1.) Posterior Tibial
2.) Posterior and Lateral Leg

36

The Medial Plantar artery
1.) Is a branch of?
2.) Supplies?

1.) Posterior Tibial
2.) Medial Sole

37

The Lateral Plantar artery
1.) Is a branch of?
2.) Supplies?

1.) Posterior Tibial
2.) Lateral Sole

38

The veins of the lower limb ultimately drain into the

Femoral or internal iliac veins

39

The veins of the lower limb include the

-comprise the muscular venous pump system

Superficial veins, deep veins, and perforating veins

40

Located between the muscles

Deep veins

41

Connect the deep veins and superficial veins

Perforating veins

42

How does the venous system in the legs work?

Muscle contraction compresses deep veins, forcing blood superiorly. When muscles relax, blood from superficial veins moves through perforating veins and into the deep veins. Then the process repeats

43

Have one way valves to prevent backflow

Perforating veins

44

A notable superficial vein because it is frequently used as a graft in heart by-pass surgery

Great Saphenous Vein

45

Located distally as it passes anterior to the medial malleolus in the superficial fascia

Great saphenous vein

46

Major lymph nodes of the lower limb includes the

Superficial (vertical) and deep inguinal nodes, and the popliteal (behind the knee) nodes

47

Muscles of the gluteal region can be organized into which four functional groups?

Hip abductors, medial rotators, lateral rotators, and extensors

48

Which muscles function in ABduction of the thigh at the hip?

Gluteus medius, gluteus minimus, and tensor fascia lata (anterior thigh)

49

What are the MEDIAL rotators of the thigh at the hip?

Gluteus medius, gluteus minimus, and tensor fascia lata

50

What are the LATERAL rotators of the thigh at the hip?

Piriformis, obturator internus, Gemelli, Quadratus femoris, Gluteus maximus, and obturator externus

51

The piriformis, obturator internus, Gemelli, Quadratus femoris, Gluteus maximus, and obturator externus are all

Lateral rotators of the thigh and hip

52

What are the EXTENSORS of the thigh at the hip?

Gluteus maximus and Hamstrings (Posterior thigh)

53

Muscles of the gluteal region are supplied primarily by the

Superior and inferior gluteal arteries

-branches of the internal iliac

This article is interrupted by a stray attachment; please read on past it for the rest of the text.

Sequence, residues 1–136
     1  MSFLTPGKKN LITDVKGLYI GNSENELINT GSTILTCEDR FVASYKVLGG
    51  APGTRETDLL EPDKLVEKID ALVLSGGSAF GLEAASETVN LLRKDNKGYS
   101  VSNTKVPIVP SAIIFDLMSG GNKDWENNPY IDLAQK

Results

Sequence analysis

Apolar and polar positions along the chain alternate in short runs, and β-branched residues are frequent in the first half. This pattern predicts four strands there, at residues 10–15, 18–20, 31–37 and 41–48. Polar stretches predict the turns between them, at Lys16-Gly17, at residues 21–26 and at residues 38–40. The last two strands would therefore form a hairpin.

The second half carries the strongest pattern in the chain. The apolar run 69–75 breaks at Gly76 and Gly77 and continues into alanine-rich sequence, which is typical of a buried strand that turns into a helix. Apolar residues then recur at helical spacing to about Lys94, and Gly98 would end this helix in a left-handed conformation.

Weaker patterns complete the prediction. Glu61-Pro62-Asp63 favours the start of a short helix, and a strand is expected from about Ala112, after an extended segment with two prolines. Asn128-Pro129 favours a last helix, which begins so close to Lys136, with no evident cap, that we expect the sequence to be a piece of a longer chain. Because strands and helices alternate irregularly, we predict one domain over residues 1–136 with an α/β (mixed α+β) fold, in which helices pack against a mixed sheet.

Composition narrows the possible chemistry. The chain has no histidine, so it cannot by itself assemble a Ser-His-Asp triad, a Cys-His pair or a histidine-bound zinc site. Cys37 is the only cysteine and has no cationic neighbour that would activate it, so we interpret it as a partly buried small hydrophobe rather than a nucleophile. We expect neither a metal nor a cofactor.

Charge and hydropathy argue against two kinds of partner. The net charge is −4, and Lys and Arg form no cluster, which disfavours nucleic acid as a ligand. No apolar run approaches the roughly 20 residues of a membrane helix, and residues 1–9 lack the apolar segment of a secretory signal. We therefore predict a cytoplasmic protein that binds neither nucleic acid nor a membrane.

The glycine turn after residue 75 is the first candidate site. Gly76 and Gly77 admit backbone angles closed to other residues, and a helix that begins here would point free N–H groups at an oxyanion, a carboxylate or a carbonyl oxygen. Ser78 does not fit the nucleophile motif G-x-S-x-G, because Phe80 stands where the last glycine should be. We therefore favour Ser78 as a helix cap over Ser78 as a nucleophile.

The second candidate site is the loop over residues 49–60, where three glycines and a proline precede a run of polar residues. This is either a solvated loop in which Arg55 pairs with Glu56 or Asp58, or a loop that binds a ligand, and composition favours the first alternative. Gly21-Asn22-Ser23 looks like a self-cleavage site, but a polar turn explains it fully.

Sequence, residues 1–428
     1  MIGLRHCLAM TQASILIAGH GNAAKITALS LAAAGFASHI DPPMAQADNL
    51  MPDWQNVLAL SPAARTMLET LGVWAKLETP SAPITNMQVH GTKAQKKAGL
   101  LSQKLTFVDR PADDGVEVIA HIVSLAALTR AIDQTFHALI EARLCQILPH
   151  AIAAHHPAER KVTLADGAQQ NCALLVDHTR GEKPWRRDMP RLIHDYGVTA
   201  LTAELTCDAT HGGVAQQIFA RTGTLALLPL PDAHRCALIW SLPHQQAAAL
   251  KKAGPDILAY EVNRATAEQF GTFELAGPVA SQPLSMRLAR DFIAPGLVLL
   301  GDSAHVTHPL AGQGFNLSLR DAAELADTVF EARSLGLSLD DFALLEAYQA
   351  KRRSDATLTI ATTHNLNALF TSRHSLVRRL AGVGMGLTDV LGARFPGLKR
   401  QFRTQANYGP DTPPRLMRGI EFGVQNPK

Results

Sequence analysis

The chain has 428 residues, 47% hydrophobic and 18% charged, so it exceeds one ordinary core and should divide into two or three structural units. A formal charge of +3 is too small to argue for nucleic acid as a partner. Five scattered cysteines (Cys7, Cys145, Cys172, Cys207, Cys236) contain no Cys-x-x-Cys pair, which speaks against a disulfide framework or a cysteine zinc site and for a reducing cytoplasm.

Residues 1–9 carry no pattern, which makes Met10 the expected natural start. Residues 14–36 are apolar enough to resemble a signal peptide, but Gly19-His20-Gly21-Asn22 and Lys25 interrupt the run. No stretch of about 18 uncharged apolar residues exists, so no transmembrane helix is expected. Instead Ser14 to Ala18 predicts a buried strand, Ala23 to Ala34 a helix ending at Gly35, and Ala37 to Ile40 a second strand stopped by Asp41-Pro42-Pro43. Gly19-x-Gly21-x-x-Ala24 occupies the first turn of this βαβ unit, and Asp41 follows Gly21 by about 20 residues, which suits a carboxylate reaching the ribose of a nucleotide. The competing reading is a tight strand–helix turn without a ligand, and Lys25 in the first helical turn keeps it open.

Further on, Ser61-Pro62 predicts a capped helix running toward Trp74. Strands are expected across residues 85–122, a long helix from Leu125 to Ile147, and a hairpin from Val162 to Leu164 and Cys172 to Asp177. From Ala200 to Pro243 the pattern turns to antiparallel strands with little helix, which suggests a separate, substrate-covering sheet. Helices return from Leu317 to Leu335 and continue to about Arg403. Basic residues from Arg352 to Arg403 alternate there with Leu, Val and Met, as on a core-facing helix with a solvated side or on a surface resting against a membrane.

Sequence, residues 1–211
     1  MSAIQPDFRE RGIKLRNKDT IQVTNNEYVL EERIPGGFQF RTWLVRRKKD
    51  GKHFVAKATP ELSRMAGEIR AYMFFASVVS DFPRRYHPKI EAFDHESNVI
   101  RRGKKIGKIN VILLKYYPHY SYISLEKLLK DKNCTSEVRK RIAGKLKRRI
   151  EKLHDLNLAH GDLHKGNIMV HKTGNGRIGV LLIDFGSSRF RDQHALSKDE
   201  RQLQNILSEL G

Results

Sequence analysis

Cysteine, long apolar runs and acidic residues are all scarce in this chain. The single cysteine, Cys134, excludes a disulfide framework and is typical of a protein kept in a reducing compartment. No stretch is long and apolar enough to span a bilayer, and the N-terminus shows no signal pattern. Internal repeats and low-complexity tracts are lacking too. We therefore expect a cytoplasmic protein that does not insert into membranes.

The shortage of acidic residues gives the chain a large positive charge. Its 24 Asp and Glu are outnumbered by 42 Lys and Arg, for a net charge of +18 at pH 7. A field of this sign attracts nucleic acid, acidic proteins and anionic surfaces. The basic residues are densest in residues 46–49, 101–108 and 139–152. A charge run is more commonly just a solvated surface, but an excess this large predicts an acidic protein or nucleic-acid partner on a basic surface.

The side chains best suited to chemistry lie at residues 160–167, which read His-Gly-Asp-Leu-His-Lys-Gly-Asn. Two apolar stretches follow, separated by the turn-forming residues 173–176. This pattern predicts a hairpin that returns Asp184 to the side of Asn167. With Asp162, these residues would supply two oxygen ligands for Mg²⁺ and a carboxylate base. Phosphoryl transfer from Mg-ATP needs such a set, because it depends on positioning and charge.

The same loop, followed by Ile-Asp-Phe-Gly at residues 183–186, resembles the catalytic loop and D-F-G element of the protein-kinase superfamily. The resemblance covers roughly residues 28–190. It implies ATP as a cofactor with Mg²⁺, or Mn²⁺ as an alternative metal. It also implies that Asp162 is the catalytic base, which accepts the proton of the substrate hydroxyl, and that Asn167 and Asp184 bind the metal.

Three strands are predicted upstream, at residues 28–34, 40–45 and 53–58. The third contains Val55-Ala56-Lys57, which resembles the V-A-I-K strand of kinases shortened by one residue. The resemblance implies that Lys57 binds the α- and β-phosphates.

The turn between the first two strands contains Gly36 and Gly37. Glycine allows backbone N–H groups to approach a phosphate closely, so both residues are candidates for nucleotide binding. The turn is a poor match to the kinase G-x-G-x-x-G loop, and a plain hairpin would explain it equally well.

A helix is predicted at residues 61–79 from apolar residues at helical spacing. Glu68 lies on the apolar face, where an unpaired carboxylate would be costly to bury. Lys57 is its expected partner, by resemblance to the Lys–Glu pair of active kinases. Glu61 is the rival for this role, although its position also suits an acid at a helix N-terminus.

54

Collateral circulation about the hips is provided by the

Cruciate anastomosis

55

The medial and lateral circumflex femoral artery, 1st perforating artery and the inferior gluteal artery participate in the

Cruciate anastomosis

56

Caused by compression of the sciatic nerve by the piriformis muscle as they emerge through the greater sciatic foramen

Piriformis syndrome (compression)

57

Piriforis syndrome involves what physical symptoms?

Radiating pain down the limb and muscle weakness

58

A ball-and-socket joint between the head of the femur and the acetabulum of the coxal bone

Hip joint

59

Enhanced by a deep bony socket, a fibrocartilagenous acetabular labrum, extracapsular ligaments and strong muscles crossing it

Hip joint stability

60

The bones of the hip joint are the

Bony pelvis and femur

61

The greater trochanter is the attachment site for

Hip abductors and rotators

62

The Lesser trochanter is the attachment site for the

Illipsoas (hip flexor)

63

The intertrochanteric line is the attachment site of the

Illiofemoral Ligament

64

The linea Aspera is the attachment site for the

Hip Adductors

65

The hip joint is supported by 3 extracapsular ligaments, all of which resist hyperextension. They are the

1.) Illiofemoral ligament
2.) Ischiofemoral ligament
3.) Pubofemoral ligament

66

The strongest hip ligament is the

Illiofemoral ligament

67

A weak intracapsular ligament that contains the foveal artery within it

Round ligament of the femur

68

When weight bearing on a single limb, as occurs during gait or standing on one leg while the other is raised, the pelvis will tilt about the

Anteroposterior axis toward the unsupported limb

69

The tilt of the pelvis toward the unsupported limb is controlled by the